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Places to visit in the North West


JAMES Hargreaves, who designed the spinning jenny, was born at Oswaldtwistle near Blackburn. He built machines for himself and his family and friends before machine-breaking farmers, worried about their livelihoods, moved in and forced him to move to Nottingham.


ONE of the major centres of the cotton industry, approximately 10 miles north west of Manchester. Samuel Crompton, inventor of the Spinning Mule, lived and worked at Hall i’ th’ Wood, just north of the town, while coincidentally Richard Arkwright, who claimed to have invented the water frame, worked in the town as a barber – a plaque in Churchgate marks the site of his shop.


ANOTHER of the outer ring of cotton towns. The town’s Queen Street Mill is worth a visit – it is a late 19th century, steam-powered weaving shed with a 500hp engine fed by a Lancashir boiler. The mill was built as a workers’ co-operative and retains much of its original machinery.


JOHN Kay, inventor of the flying shuttle, lived at a farmhouse just North of Bury, on the road to Burnley. His home is still in existence but is now a private dwelling. Prime Minister Robert Peel, famed for his repeal of the Corn Laws and the introduction of the modern police force, was born at Chamber Hall, Bury (left), where his father, who was a member of Parliament and social reformer, ran a substantial textile business before moving to the Midlands.
Chamber Hall was demolished this century to make way for an electricity generating station. Nearby Burrs, where the Peels’ mill was situated, is worth a visit.


{Helmshore Mill} A MOORLAND village between Bury and Blackburn which is home to the two fascinating Helmshore tex-tile museums. Higher Mill is a fulling mill built in 1789, with the original waterwheel driving the restored fulling stocks, which can be seen in operation.

Next to it is Whitaker’s spinning mill, with working mules and ancilliary equipment which are demonstrated regularly, plus rare machinery including an 18th-century example of Arkwright’s water frame. The museum boasts a pleasant cafe and a well-stocked bookshop.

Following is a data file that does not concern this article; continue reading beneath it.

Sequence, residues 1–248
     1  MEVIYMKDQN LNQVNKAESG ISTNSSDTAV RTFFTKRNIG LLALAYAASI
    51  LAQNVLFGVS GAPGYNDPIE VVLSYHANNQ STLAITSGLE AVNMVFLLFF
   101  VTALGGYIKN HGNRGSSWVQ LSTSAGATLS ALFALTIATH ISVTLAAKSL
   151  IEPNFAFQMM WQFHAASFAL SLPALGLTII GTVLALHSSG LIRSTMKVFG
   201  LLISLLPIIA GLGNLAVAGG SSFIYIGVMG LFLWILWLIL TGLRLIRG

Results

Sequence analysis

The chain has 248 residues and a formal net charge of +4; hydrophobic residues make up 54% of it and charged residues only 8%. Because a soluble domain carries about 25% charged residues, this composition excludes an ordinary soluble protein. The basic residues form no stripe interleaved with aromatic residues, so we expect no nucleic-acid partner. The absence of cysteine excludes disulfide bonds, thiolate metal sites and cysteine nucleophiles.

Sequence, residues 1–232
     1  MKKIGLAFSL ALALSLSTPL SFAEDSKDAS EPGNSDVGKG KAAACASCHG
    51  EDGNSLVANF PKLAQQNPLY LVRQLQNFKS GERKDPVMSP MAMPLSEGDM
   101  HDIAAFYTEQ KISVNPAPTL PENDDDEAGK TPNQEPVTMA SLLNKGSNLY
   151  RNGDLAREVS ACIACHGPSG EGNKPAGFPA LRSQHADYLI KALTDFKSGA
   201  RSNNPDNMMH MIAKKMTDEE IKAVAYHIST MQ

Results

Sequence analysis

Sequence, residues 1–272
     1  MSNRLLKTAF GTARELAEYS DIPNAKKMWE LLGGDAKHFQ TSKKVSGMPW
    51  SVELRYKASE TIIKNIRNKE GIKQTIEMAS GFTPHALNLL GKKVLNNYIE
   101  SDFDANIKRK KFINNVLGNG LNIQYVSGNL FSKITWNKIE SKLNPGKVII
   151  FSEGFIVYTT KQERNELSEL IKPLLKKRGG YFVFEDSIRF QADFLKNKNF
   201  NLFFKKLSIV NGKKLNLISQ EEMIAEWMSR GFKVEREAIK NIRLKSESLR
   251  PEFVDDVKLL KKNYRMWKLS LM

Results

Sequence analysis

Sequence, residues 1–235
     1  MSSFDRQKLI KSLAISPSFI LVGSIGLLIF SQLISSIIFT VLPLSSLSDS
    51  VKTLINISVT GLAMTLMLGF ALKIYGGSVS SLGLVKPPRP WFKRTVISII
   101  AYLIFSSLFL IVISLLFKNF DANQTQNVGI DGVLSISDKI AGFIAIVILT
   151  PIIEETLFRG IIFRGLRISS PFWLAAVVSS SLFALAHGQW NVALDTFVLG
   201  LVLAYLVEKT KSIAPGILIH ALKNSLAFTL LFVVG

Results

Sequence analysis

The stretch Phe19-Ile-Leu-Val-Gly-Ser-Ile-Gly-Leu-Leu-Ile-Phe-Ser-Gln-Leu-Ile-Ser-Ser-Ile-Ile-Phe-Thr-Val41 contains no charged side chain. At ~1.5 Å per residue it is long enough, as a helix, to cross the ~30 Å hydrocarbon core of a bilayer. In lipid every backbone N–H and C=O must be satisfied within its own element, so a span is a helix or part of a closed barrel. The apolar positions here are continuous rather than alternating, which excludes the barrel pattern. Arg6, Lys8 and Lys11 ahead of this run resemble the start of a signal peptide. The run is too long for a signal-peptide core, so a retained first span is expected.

ALTHOUGH the city is unrecognisable now as the Victorian powerhouse of the Industrial Revolution,┬áthere is much to see. Within a few hundred yards at Castle-field are the restored terminus of the Bridgewater Canal and the terminus of Stephenson’s Liverpool-Manchester railway. Nearby in the Museum of Science and Industry there are many IR exhibits. The Rochdale Canal links Castlefield with the other side of the city where, in Ancoats, can be found a mill complex that includes Manchester’s only surviving 18th century mill (left).


BIRTHPLACE of Richard Arkwright, who became the world’s first great industrialist and the man who invented the factory system. The one-time barber returned to Preston to build his first, experimental water-frame spinning machine before opening his first mill in Nottingham.The Harris Museum and Art Gallery has a display on Arkwright (including a model of the waterframe) and a display area dedicated to the Horrockses company.The museum is in Market Square, Preston, open Monday to Saturday 10am – 5pm (closed Bank Holidays).


ONE of the ring of cotton towns around Manchester, approximately 12 miles North east of the city. The world’s first successful co-operative society, the Rochdale Pioneers, was formed here in 1844. The shop in Toad Lane where it all started is still there.

Styal Mill

WORKING mill museum in the Cheshire countryside between Manchester and Wilmslow. The mill still produces articles for sale, while the house that was home to pauper child workers from Liverpool can be visited.


INDUSTRIAL town on the River Mersey, midway between Manchester and Liverpool. Many of the non-conformist businessmen who helped to make Manchester a centre of world trade were educated at Warrington’s famous Academy – the building is now the home of the local newspaper.

At one time, more than half the sailcloth used by the Royal Navy was manufactured in Warrington. The Bridgewater Canal, the Old Quay Canal and the Manchester Ship Canal pass just to the south of the town while the Sankey-St Helens Canal is a couple of miles to the west.


THE Duke of Bridgewater’s canal starts here and runs to Manchester, a few miles to the east. The Delph, where the canal went underground into the Duke’s mines, can still be seen and in summer it’s possible to take a boat cruise on the canal. A few miles to the South is the Barton swing aqueduct, which carries the Bridgewater over the Manchester Ship Canal.